A thorough discussion of the multiple demander message sequence is set forth in Table 4 and corresponding FIG. 12. Thus as shown in Table 4, FIG. 1 indicates that two or more token masters, that is stations which have token access capability but are in the OUT OF LIST state (see FIG. 17A), decide to demand the token. The token is then seen as passing over these two stations, event 41. In FIG. 12, station 15 is the present token owner sending the token to station 20. Since since stations 17 and 18 are the stations which want the token, and since station 20 is the new token owner, it has a demand window upon receipt of the token. Thus during the demand window, stations 17 and 18 transmit their demand token acknowledge message to token owner 20. However, since stations 17 and 18 transmit their token acknowledge messages at the same time, the modem at station 20 merely perceives energy on the bus which is interpreted by station 20 as a noisy demand window, event 44, forcing station 20 to enter the running demand search state (FIG. 17B).
Thus, step 4 has occurred and step 5 results where station 20 searches for demanders. A search mechanism embodies searching for addresses of stations between it and its FROM (namely station 15). It thus sends a demand token enable signal to station 19 in its search down (step 5). No response is received for 100 microseconds (two times the demand window) and thus station 20 perceives that station 19 is not a demander. It thus sends a demand token enable signal to station 18 and then finds station 18 responding with a demand token acknowledge signal. Station 20 then sends a demand token signal (DBT) to station 18 which gives station 18 the token. Station 18 then has a demand window at which time station 17, one of the original demanders, sends a demand token acknowledge signal to station 18 requesting the token.
1. Two or more token masters decide to demand.
2. Token passes over two or more.
3. All skipped demanders transmit.
4. Token owner sees energy but no valid message.
5. Therefore, he searches down.
6. Passing demand token to first demander located.
7. Others then demand from demand token receiver.
8. "Load Your To" sent only by lowest of new masters (demanders).
This corresponds to step 7 of Table 4. Station 18 then sends a demand token signal to station 17, thus passing the token to station 17. At this point, though not shown in FIG. 12, station 17 would send a LOAD YOUR TO signal to station 15 since station 17 is the lowest address station of the new token masters. This corresponds to step 8 in FIG. 11. Then station 15 realizes that station 17 is its new TO station rather than station 20. Station 17 will then proceed to pass the token to station 18 which will record its proper FROM and TO stations and subsequently station 18 will pass the token to station 20 to complete the patching of stations 17 and 18 into the token list.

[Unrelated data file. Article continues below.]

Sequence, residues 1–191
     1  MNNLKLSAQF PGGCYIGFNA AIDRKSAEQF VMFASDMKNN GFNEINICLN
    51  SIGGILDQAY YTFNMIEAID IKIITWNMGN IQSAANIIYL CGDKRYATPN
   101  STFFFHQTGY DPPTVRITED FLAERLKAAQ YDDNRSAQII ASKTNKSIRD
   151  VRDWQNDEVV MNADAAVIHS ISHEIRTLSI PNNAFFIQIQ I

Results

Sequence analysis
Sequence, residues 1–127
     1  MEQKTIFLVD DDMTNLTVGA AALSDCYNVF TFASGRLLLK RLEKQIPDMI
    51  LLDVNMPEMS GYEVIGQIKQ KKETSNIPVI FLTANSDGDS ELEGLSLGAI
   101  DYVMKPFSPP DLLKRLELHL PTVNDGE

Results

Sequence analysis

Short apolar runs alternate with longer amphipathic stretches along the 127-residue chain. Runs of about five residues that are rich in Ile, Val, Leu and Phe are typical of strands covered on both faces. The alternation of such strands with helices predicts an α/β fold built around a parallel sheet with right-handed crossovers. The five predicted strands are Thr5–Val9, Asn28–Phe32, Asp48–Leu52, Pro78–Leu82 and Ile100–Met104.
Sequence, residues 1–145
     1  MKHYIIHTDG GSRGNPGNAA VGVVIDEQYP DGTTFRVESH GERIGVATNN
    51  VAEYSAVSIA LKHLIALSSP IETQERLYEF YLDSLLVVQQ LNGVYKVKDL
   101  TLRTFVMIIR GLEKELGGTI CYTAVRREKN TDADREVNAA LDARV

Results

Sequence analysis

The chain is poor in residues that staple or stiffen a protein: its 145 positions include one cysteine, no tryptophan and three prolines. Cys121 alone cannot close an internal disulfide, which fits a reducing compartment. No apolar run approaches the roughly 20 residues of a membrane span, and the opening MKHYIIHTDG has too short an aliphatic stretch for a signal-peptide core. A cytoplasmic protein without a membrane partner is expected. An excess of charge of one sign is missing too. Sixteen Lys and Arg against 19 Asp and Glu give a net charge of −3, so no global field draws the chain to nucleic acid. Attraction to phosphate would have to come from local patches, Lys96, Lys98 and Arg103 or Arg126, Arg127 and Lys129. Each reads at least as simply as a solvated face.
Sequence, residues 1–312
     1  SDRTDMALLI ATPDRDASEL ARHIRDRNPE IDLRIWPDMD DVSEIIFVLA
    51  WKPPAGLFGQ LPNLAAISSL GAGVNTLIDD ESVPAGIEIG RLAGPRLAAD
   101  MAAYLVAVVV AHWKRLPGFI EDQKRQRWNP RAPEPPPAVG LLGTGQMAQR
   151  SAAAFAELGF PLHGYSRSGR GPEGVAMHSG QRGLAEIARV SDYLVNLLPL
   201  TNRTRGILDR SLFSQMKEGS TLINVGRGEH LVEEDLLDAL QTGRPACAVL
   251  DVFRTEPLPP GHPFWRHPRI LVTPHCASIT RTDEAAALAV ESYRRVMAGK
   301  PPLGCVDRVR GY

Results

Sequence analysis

Another commonly incurred message sequence of the communication system according to the present invention is called WHO'S NEXT. In this situation, the station which has the token sends a token enable signal (signal BE) to its TO station of record, but gets no response from the TO station. This event should be distinguished from the situation where the present token owner sends the token to its TO station, the TO station properly receives the token through the token passing handshaking protocol (whichever one is used) and then fails to transmit a HDLC message within a prescribed period, and also fails to pass the token to its TO station. In the present situation the token owner sends a token enable signal to its TO station and the TO station does not acknowledge that signal. The present token owner will retry to pass the token some number of times, typically three times, and if unsuccessful in passing the token to its TO station, the present token owner will assume that its TO station is faulty and will therefore pass the token to the next station in the token list. The result is that the faulty TO station will be patched out of the token list and will only be able to come back into the token list if it is operating properly and goes through a successful demander message sequence such as described above. In FIG. 17B, if station A (FIG. 1) is in the token passing state, and if it is unable to pass to station B, the unsuccessful token pass attempt, event 54, would have occurred. Station A would then enter the WHO'S NEXT state which if an I'M NEXT RECEIVED signal, event 56, is received by station A from another station in the token list (such as station C which is the next sequential station to receive the token after station B) causes station A to go back to the TOKEN PASSING state. Station A will then pass the token to station C rather than to station B. If however station B does not receive an I'M NEXT RECEIVED event it will determine that there is no NEXT station found and thus an unsuccessful pass to I'M NEXT would have occurred, event 58. This will cause station A to enter the BUS IS DEAD state (FIG. 17C) which will in turn cause the overall communication system to enter an initialization message sequence which will be described later on. Alternatively, station A could enter the passing initialization search state (FIG. 17A) if the states are reconfigured that way. This change in the rules which therefore gives rise to different states occurring upon different perceived events by each station is an example of the versatility of the underlying concepts embodied in the present invention.